Sophie’s Choice is a film that I’ve been struggling with for more than a week now as I write this. I have known of its legacy for years, but only brought myself to see it for the sake of the Women in Film marathon. Its reputation for being incredibly sad and tragic is well-earned, but the amount of critical and audience acclaim for the movie that I’ve read seems pretty unbelievable. My main gripe lays in the actually storytelling of the film, especially in its heavy reliance on flashbacks. We learn a great deal about the character of Sophie through these flashbacks, and while they are often very moving and effective, they do little to actually move the plot or connect themselves with the actual narrative of the film. Sophie’s “choice” seems almost inconsequential by the end of the film, because it’s almost completely overshadowed between her struggle to choose between the two men who love her dearly (or worship her, in Stingo’s case). The use of the Holocaust almost seems exploitative in many moments, especially towards the end of the flashback scenes. We never spend any significant amount of time with Sophie’s wartime family, so none of it ever has any weight or gravity to it. Instead of caring about these heartbreaking events unfolding before my eyes, I was left scratching my head about why the scenes were even here in the first place. Especially confusing is the emphasis on Stingo’s coming-of-age in the story, which clashes with the film’s tragic elements on every level and serves to further trivialize the film’s Holocaust subplot. The writing and structure of Sophie’s Choice is unfortunately the worst element, and in a 2 ½ hour film, that most definitely matters a great deal. All gripes aside, I have to admit that the acting in the film is incredible, and Meryl Streep’s performance as Sophie is absolutely phenomenal – quite possibly the best performance of the marathon up to this point. Streep is almost unrecognizable at times, especially in flashbacks where Sophie is suffering from anemia after her liberation from the concentration camp. She constantly seems meek and uncertain, especially when dealing with Nathan’s outbursts. Meryl Streep’s Polish accent remains believable and consistent throughout, never mysteriously fading away as some “accents” tend to. Complimenting Streep’s performance is the scene stealing Kevin Kline in his movie debut. Though it’s only a supporting role, Kline does what he does best and chews the scenery in every scene he appears in. His manic and unstable nature is completely believable, and you’re constantly wondering when his next outburst may come. Sophie’s Choice is competently directed by a veteran of the game, who treats the film’s tragic subplot with a great deal of respect and level headedness. While it’s not a flashy film, Pakula’s slow and steady direction mixed with rich and gorgeous cinematography by Nestor Almendros, helps to create a realistic atmosphere that is perfect for the time period the film takes place during.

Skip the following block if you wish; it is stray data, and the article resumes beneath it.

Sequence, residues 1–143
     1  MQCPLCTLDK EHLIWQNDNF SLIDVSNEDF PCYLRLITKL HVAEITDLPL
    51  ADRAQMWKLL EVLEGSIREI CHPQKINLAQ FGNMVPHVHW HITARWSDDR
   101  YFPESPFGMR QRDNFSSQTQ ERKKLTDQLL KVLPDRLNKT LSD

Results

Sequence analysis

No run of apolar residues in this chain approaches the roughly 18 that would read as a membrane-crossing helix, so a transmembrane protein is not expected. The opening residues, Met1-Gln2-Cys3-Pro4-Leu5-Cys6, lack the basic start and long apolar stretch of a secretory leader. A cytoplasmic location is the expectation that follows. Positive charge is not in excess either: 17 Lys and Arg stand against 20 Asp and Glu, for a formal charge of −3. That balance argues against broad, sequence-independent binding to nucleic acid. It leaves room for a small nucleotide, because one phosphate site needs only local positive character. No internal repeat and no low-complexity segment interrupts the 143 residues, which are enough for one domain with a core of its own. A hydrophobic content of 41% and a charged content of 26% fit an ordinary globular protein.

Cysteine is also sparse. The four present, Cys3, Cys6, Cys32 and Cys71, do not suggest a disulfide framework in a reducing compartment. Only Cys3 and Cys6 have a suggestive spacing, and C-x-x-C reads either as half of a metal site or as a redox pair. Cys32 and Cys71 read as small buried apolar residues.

Unfortunately for all those involved in the making of Sophie’s Choice, great acting and solid direction can’t make up for a highly confused and aimless screenplay. While the dialogue is never bad or wasted, the film’s melodramatic treatment of the Holocaust as a story element and its subsequent focus on a coming-of-age love story just feels insulting. Any elements of the film that would affect viewers in any way seem superficial because of the lack of actual substance to the film’s seemingly important subplot. Sophie’s Choice feels like two great films that were sloppily edited into one mediocre one. Fortunately, when the film gets something right, it gets it very right. Sophie’s Choice features an absolutely incredible and award-winning performance by a young chameleon Meryl Streep, and a fun supporting turn from breakout actor Kevin Kline. We can thank it for its furthering of Meryl Streep’s acting career, but I fail to see any other reason why we’re still talking about it more than thirty years later. Much to my disappointment, I must urge readers to view at your own discretion.